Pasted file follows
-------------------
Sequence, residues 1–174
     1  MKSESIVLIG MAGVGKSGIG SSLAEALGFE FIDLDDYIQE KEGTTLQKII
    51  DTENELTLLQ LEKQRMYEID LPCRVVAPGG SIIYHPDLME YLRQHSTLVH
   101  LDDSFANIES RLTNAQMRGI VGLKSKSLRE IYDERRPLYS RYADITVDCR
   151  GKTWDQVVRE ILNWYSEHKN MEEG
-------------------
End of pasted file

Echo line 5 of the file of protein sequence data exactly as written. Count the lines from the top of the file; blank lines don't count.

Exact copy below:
   151  GKTWDQVVRE ILNWYSEHKN MEEG